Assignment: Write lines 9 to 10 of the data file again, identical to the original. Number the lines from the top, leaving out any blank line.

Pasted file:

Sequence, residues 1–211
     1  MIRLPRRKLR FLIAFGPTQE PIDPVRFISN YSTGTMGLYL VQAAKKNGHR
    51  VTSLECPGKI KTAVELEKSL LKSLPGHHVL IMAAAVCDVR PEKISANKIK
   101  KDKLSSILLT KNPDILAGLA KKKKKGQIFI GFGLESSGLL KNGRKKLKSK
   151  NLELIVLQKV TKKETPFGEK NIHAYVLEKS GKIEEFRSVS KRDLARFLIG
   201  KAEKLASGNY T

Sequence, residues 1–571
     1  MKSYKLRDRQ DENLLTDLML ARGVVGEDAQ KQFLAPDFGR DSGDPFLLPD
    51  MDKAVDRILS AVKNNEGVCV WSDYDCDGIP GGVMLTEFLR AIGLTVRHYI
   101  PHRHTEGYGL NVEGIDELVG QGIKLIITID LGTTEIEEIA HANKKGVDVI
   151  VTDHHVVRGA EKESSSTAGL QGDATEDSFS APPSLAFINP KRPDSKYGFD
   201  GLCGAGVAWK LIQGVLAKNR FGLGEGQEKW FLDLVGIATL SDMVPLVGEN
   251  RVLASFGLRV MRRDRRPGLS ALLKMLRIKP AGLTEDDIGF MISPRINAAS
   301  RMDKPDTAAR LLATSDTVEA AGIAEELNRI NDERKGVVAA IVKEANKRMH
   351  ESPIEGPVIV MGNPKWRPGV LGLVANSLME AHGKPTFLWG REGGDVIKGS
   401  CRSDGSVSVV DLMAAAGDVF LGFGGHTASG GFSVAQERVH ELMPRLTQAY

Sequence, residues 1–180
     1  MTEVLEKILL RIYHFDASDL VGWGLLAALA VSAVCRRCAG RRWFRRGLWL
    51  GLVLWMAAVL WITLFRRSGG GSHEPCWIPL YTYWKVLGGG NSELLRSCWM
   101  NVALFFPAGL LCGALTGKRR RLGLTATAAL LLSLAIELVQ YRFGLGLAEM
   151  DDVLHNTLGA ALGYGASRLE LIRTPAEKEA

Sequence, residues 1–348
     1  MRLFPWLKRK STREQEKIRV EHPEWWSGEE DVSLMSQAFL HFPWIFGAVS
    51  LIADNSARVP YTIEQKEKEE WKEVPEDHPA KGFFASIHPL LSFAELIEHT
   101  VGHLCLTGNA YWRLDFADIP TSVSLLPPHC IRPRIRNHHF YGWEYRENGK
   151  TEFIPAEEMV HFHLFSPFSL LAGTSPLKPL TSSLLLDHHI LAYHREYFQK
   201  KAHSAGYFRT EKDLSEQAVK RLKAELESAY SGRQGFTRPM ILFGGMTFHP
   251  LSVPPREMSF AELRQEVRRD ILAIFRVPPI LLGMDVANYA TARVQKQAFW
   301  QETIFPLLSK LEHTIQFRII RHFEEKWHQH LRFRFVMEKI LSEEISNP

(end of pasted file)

    51  MDKAVDRILS AVKNNEGVCV WSDYDCDGIP GGVMLTEFLR AIGLTVRHYI
   101  PHRHTEGYGL NVEGIDELVG QGIKLIITID LGTTEIEEIA HANKKGVDVI